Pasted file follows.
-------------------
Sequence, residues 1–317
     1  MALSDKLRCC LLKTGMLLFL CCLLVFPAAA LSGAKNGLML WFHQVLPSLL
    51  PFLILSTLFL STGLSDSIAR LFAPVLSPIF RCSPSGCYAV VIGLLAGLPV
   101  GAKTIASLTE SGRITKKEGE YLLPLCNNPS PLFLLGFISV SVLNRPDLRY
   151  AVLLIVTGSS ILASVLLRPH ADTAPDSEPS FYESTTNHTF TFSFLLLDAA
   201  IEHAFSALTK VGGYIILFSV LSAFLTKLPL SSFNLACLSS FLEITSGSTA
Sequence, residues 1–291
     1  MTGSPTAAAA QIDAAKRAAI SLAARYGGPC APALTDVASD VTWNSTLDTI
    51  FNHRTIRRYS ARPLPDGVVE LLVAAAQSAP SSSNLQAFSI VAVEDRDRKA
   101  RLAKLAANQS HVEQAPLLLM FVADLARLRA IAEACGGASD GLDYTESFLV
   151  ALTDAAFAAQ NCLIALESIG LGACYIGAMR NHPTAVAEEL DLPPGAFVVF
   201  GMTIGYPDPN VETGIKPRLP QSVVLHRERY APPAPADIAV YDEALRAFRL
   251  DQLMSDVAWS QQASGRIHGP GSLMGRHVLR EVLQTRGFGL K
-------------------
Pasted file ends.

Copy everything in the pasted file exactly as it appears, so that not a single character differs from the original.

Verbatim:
Sequence, residues 1–317
     1  MALSDKLRCC LLKTGMLLFL CCLLVFPAAA LSGAKNGLML WFHQVLPSLL
    51  PFLILSTLFL STGLSDSIAR LFAPVLSPIF RCSPSGCYAV VIGLLAGLPV
   101  GAKTIASLTE SGRITKKEGE YLLPLCNNPS PLFLLGFISV SVLNRPDLRY
   151  AVLLIVTGSS ILASVLLRPH ADTAPDSEPS FYESTTNHTF TFSFLLLDAA
   201  IEHAFSALTK VGGYIILFSV LSAFLTKLPL SSFNLACLSS FLEITSGSTA
Sequence, residues 1–291
     1  MTGSPTAAAA QIDAAKRAAI SLAARYGGPC APALTDVASD VTWNSTLDTI
    51  FNHRTIRRYS ARPLPDGVVE LLVAAAQSAP SSSNLQAFSI VAVEDRDRKA
   101  RLAKLAANQS HVEQAPLLLM FVADLARLRA IAEACGGASD GLDYTESFLV
   151  ALTDAAFAAQ NCLIALESIG LGACYIGAMR NHPTAVAEEL DLPPGAFVVF
   201  GMTIGYPDPN VETGIKPRLP QSVVLHRERY APPAPADIAV YDEALRAFRL
   251  DQLMSDVAWS QQASGRIHGP GSLMGRHVLR EVLQTRGFGL K